Re: [Elecraft_K3] filters
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From: Elecraft_K3@... [mailto:Elecraft_K3@...] On Behalf Of Rob Sherwood.
Comments on my K3 data vs. the three quoted roofing filter bandwidths.
Once the dynamic range values are up in the mid 90s or higher, several factors affect the results. Passive intermodulation in the roofing filter is often a issue, and there is sample variation if one tests several different filters with the same filter bandwidth. The variation in dynamic range due to the slight intermodulation in the filter itself can scatter the results a few dB. It is hard to know whether the Intermod in the measurement is the result of distortion in the filter or the mixer, not that it really matters.
Also the K3 receiver with the 200-Hz filter (and 200-Hz DSP bandwidth) has a lower noise floor than with the 500-Hz filter and it integrates less phase noise. Thus the dynamic range is modestly higher with the narrower filter. In the case of the data with the 200-Hz filter, there was no Intermod in the filter or the mixer compared to the level of phase noise. The League now calls that Reciprocal Mixing Dynamic Range (RMDR).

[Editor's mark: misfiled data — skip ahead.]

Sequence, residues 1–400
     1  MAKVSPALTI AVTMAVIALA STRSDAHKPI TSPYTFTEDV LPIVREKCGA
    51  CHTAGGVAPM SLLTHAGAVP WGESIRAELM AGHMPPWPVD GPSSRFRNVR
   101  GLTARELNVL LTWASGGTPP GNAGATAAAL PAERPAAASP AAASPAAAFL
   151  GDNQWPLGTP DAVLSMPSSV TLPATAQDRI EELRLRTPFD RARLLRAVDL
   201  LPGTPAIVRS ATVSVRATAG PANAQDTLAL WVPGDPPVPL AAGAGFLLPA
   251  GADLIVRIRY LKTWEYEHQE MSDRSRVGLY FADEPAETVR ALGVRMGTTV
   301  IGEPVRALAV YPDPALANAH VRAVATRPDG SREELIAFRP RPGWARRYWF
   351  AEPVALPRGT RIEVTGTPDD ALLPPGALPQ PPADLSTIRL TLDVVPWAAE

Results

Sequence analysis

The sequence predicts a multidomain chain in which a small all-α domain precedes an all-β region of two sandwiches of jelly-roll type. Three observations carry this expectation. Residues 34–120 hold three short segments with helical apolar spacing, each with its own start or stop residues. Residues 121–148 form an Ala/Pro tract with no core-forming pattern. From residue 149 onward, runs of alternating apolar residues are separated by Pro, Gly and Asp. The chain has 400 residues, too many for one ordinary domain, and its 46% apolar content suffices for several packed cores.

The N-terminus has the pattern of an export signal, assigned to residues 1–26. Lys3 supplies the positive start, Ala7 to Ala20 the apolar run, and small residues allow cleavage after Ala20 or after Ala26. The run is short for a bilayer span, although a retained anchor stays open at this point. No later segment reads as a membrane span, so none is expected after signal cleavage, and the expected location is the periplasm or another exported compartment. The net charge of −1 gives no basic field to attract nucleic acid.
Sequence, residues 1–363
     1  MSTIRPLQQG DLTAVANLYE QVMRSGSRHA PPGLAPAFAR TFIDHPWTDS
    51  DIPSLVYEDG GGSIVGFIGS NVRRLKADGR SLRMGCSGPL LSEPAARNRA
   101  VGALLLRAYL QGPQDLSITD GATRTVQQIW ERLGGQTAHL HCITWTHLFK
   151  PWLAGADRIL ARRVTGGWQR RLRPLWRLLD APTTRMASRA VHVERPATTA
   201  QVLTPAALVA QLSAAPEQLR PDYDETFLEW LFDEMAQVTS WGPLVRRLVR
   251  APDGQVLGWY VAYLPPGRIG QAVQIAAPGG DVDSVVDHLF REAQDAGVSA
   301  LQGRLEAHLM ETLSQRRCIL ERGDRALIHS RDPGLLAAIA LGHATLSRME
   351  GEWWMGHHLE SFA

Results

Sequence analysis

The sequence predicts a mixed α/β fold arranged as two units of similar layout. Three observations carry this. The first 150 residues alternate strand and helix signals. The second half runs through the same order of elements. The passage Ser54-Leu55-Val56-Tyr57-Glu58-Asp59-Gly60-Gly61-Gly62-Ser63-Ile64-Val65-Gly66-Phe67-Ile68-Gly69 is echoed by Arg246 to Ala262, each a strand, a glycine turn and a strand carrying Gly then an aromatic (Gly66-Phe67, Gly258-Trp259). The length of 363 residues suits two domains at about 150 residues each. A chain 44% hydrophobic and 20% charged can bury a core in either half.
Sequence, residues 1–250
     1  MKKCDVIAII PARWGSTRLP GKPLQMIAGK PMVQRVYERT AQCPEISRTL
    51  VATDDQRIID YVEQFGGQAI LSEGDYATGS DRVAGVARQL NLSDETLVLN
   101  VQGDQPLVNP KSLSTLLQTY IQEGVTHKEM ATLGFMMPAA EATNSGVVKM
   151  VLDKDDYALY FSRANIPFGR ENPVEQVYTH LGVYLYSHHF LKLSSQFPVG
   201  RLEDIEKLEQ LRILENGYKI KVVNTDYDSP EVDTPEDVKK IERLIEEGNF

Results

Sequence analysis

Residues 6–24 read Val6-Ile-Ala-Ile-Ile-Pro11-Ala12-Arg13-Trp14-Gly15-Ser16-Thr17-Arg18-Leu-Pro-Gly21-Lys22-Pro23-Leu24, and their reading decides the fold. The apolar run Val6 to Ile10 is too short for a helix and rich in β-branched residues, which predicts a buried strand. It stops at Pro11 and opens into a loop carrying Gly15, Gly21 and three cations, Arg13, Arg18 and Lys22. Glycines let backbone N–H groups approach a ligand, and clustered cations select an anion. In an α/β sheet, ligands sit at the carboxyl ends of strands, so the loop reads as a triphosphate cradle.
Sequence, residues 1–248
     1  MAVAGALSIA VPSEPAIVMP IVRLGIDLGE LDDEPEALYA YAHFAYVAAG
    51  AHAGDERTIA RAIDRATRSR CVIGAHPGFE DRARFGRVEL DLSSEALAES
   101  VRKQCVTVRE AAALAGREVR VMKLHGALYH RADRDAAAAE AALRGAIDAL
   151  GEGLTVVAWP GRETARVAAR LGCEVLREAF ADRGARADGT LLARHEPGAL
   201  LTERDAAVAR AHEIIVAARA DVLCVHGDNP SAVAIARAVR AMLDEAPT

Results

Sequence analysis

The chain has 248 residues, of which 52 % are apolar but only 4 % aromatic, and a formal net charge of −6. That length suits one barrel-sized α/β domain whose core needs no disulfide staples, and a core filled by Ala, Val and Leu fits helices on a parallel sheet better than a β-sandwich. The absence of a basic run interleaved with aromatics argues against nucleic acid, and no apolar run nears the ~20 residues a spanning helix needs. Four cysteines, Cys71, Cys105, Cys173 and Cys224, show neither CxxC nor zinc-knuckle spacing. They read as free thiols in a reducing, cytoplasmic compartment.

Nit picking between a 95 dB number and a 101 dB number is rather pointless. If one is really trying to work weak DX in a pileup, keying sidebands of the undesired stations will often be the limiting factor if they are within 1 to 2 kHz of the DX.
On SSB the problem of the intermodulation sidebands of an interfering signal is even worse. Most rigs with a 13.8 volt power amp are not very clean compared to a tube rig like a Collins 32S-3. Let's say the DX is S3 and there is QRM 3 to 5 kHz away that is S9 +30 dB, a 60 dB difference. The splatter from the adjacent signal will likely make copy of the DX difficult. The dynamic range of the radio at 90+ dB is way better than the splatter problem.
A 2.1-kHz roofing filter (or a 1.8-kHz) and a 1.8 DSP bandwidth will eliminate the offending signal, but it cannot get rid of the in-band splatter. The Intermod products are on frequency.
It is unfortunate that while receivers have improved dramatically in the last 10 years, transmitters (particularly on SSB) have not.
73, Rob Sherwood, NC0B.
On Apr 30, 2014, at 9:37 PM, "Joe Subich, W4TV" <lists@...> wrote: